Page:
Good as measure

Christianity divides itself from Gnosticism though the division between a lesser good and an evil. A smaller glass is not the same as a cracked one, even when the latter holds more water. The glass is a metaphor for goodness being a measure. 

Augustine makes measure (L. modus) the foundation of goodness. His account of evil is only a privation account if we understand privation as mismeasure. We insist on this because privation doesn’t usually suggest excess, but our greatest evils (and I’m tempted to say all our evils) trace back to a drive to excess, or to be more than human.* Ye shall be as gods. 

If we were as gods – i.e. more than human – then “biology” would be no restriction on us (The word is in scare quotes because the word itself is an attempt to deny any restriction) Again, if we’re as gods then our history, especially as encoded in social structures, plays no pedagogical role in our lives. Gods are neither historical nor social, and so, for all we know, all such structures are either corrupt or were simply a dark groping after and ascent toward our present enlightenment. Finally, if we’re gods, then we are not equals even with other persons, and so we can treat them in a completely impersonal manner: as statistics, inconveniences, expenses, or entries in a debt ledger.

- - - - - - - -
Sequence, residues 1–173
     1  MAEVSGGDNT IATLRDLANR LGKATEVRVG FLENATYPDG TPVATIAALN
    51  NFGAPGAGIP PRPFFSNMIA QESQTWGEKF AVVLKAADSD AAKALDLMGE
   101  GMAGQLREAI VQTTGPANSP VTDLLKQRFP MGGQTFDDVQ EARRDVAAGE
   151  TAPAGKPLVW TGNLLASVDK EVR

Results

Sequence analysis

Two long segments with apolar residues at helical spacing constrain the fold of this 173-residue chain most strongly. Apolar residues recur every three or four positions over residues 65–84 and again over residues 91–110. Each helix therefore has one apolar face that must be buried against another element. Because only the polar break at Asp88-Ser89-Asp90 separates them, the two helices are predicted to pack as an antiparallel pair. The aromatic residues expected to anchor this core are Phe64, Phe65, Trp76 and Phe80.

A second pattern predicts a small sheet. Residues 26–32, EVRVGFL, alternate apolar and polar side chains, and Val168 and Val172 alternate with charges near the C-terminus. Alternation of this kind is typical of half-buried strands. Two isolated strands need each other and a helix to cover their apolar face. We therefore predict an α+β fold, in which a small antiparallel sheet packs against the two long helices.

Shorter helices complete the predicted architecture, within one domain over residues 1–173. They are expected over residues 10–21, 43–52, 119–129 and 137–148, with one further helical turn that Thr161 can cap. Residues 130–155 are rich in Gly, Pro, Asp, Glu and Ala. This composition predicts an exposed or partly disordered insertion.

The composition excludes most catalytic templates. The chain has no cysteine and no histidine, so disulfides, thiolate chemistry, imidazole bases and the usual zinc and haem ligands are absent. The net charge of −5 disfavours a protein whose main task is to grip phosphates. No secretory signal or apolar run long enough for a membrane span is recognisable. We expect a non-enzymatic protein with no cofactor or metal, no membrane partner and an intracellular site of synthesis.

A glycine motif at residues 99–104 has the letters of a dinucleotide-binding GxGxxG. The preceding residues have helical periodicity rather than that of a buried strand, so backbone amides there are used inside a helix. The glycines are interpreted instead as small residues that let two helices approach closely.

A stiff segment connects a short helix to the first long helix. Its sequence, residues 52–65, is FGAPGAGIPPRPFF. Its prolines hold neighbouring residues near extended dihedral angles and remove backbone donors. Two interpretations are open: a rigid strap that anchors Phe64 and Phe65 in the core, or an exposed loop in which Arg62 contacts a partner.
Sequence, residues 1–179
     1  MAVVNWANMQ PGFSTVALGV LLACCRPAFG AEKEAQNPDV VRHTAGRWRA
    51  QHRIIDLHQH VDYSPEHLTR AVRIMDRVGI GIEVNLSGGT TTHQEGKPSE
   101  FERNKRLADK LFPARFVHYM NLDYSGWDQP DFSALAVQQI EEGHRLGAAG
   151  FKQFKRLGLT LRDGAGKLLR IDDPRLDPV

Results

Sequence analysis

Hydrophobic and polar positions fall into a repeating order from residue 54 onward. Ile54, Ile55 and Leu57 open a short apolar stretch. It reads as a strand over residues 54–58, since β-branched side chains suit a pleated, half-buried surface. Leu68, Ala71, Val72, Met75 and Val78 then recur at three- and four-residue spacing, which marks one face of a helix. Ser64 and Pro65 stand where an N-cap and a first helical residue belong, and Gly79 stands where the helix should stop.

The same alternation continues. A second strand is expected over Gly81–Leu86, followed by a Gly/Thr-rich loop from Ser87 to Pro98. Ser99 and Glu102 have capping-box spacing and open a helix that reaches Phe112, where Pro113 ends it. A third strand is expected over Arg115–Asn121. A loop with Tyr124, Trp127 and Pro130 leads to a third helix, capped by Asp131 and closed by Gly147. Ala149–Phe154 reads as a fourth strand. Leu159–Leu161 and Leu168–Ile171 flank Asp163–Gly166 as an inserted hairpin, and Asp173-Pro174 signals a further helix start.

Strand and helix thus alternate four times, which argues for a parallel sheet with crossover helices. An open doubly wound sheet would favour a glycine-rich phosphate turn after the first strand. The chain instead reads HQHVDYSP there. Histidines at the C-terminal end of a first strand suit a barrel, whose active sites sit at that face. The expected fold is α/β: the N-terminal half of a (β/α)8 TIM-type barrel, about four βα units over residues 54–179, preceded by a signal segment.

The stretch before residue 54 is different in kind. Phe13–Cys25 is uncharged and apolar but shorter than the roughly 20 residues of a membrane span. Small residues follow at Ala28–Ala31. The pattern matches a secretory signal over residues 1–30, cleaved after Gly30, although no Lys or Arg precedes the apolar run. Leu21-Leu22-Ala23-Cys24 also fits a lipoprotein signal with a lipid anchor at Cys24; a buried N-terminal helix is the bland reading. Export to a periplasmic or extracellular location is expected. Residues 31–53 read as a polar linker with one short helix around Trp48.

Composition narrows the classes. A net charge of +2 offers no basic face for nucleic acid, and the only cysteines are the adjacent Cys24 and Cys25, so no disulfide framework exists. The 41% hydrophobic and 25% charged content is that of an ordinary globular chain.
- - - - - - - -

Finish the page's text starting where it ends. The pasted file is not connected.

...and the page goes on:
Even the most bestial of evils – take gluttony or lust – derive more from godlike desires than bestial ones. Bestial gluttony wants an infinite enjoyment that is entirely within one’s control. The glutton would be Lord of the world and enjoy an unbroken, complete operation.

At the same time, the Christian eschaton must recognize the legitimacy of the desire to be as gods, and not merely in the way that heroic virtue makes one godlike.


*Evil is a privation because it is a deviation; and we deviate from a mark just as much when we fall below it as when we try to transcend it. It’s worthwhile to note that deviation, like “ruthless” is a word whose opposite fell into disuse: just as the word “ruth” once meant compassionso too “viation” (from L. via) would mean keeping to the path.  

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